I want in my script get a confirmation from user for running some code so I wonder as perspective is single thread per session how can I open a popup and wait until the user click on cancel or confirm and base on that I run my code?
In vision it is very easy with system.util functions.
I think may be I have to pass my code as function to popup and in popup it run the function base on user action.
Is any there any other solutions for this?
If you make it a modal, the gui being single threaded shouldn’t be an issue, I think ?
Or is there something else that gets blocked and that must keep running ?
I’m guessing you could use messages to make a more generic version of an
action popup, with the message handler configured on the button/whatever opens the popup, and passing it the message handler’s name as parameter… Then you can have two buttons on that popup, one that closes it and the other one that sends the message.
The problem of message is the view that call the popup has many instances in the primary view so for each Lister I have to have a different msg type which is not possible since the msg type is hard coded in perspective.
Perspective components have the java.lang.Object.wait() and notify functions .
I think it makes them pauze the thread untill something else notifies it… i have never used it tho so im not sure it will do what you want
Maybe you could differentiate between them using the payload ?
Perspective is not single thread per session. I don’t know of any way to wait for action on a popup, though.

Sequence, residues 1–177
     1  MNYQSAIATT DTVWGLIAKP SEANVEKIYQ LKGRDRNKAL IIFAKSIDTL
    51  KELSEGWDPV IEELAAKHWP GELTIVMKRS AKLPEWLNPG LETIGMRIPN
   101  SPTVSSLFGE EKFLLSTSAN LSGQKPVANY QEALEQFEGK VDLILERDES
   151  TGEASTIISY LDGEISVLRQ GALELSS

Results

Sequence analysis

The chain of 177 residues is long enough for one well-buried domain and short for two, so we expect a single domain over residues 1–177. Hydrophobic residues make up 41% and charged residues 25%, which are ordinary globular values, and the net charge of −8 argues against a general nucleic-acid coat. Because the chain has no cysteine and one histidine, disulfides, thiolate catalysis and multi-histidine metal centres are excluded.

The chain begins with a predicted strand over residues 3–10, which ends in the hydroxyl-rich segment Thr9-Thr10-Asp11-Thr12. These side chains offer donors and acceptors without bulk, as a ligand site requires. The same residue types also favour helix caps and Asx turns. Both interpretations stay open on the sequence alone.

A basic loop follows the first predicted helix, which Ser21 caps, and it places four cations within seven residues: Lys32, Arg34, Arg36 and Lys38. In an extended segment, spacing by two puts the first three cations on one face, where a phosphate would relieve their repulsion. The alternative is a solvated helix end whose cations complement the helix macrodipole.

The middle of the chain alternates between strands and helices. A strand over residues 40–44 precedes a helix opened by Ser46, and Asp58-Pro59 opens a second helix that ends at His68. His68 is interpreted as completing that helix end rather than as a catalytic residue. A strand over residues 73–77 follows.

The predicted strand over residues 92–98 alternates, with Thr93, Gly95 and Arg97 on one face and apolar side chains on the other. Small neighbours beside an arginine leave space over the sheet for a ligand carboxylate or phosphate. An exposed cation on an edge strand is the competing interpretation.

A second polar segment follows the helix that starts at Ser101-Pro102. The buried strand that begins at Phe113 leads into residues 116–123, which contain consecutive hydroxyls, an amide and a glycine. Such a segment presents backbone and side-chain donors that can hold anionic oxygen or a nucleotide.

Even from Java code, you should basically never call
notify(). I would definitely not do it from scripting.
I strongly suspect the only real way out here is rearchitecting; perhaps message handlers reacting to each ‘stage’ in this process accordingly. There’s no way to do ‘blocking’ work like this in scripting.
I do this similar to your last comment.
I handle all my code through project scripts, and then will essentially call a universal popup that is provided a callback function, and on submit it calls back the same function with keyword arguments for response data. This way I can call the same function multiple times in a row and the second time I know just to skip to the response code because a response is present.
I use this pretty heavily in an app that requires a ton of dynamic user confirmations and inputs.
Technically this doesn’t “wait” for the popup, it just splits the code into two executions of “the first half” and the “back half” in the same function.
EDIT: I actually also use this to cancel currently running threads as well, a bit more complicated to explain, but that’s possible as well.